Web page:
Monday, November 7, 2011

Kandovan: An Iranian Village Carved in the Rocks

Tucked away in the remote northwest corner of Iran is the village of Kandovan that is not only famous for its scenic beauty, but also for the unique dwellings of its residents. Many of its homes have been made in caves located in cone-shaped, naturally formed compressed volcanic ash formations that make the landscape look like a gigantic termite colony. Current residents of Kandovan claim that their village is more than 700 years old. It was created when those fleeing the advancing Mongol army took to the caves to hide. The homes are known as "karan" in the local Turkic dialect, a word that roughly translates as the plural of beehive.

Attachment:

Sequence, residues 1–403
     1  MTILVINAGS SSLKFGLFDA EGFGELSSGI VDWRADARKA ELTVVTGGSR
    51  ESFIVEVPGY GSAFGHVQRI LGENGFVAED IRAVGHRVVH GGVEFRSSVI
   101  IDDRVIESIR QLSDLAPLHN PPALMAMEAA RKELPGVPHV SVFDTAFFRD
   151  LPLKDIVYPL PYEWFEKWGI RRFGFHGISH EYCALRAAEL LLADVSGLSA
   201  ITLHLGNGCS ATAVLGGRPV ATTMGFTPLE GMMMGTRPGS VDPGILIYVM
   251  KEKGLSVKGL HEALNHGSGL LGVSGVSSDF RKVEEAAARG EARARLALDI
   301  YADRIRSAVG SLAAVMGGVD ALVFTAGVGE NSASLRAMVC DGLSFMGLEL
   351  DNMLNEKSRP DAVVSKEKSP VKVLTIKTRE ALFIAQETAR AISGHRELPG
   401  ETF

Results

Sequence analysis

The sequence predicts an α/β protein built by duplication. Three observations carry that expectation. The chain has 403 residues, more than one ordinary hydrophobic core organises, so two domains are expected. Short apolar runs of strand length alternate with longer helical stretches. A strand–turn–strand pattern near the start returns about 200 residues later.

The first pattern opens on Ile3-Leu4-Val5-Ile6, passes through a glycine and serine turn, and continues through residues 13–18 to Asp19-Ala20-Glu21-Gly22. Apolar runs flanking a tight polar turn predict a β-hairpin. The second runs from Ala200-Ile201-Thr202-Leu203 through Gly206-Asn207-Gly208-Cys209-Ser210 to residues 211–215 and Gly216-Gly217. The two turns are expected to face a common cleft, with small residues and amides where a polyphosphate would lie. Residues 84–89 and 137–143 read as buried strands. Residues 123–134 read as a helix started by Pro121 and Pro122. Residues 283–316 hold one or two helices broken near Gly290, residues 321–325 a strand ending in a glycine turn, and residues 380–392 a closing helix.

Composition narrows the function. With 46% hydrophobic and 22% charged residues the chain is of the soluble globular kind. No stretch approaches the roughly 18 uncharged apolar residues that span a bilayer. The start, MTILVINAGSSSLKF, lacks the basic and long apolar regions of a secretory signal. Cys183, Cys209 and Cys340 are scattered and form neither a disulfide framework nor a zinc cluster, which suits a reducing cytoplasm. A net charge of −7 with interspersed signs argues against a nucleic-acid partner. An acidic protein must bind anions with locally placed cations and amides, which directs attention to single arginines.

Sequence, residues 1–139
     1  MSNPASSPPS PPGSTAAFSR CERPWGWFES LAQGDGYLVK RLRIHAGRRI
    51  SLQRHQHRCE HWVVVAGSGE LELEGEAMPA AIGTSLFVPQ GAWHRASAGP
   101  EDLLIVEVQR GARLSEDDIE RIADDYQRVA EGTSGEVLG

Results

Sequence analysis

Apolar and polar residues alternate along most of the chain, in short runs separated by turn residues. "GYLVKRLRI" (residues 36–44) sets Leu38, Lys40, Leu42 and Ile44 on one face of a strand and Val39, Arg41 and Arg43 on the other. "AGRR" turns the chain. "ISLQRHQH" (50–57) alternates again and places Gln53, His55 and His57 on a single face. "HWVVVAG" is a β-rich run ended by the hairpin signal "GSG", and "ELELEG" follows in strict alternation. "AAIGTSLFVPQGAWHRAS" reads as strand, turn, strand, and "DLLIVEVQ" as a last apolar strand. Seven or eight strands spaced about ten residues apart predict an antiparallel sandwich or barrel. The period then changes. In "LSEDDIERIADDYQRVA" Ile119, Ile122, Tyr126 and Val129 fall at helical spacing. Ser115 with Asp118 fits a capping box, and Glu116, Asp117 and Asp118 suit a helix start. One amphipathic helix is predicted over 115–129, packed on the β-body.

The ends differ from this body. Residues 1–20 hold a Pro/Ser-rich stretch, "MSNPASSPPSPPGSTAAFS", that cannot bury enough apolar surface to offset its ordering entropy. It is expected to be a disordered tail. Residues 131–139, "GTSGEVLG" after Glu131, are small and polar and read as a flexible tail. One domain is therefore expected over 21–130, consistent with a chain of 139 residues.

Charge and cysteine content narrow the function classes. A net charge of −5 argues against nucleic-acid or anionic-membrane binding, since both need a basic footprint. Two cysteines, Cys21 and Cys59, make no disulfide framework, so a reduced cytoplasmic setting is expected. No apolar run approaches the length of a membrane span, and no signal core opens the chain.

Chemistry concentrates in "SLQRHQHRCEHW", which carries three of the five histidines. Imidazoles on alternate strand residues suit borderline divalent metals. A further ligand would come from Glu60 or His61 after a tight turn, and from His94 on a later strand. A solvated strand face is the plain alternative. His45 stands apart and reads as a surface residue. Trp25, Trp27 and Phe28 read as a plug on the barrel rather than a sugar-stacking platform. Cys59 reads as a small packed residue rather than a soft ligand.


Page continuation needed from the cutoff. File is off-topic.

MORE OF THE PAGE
Over the years, the people of the village have expanded their residences. Now, most cave dwellings range from two to four stories complete with living areas, a storage room and an animal shelter. Many have porches, windows, doors and stairwells carved into the rock. The caves are also some of the most energy efficient homes on Earth, with the rock providing adequate insulation to keep the interiors comfortable throughout the long cold season. The homes also remain cool in the summer.

If you wish to visit this unique village, it is located in Iran's East Azerbaijan Province, 60 km south of the provincial capital Tabriz in Osku county.










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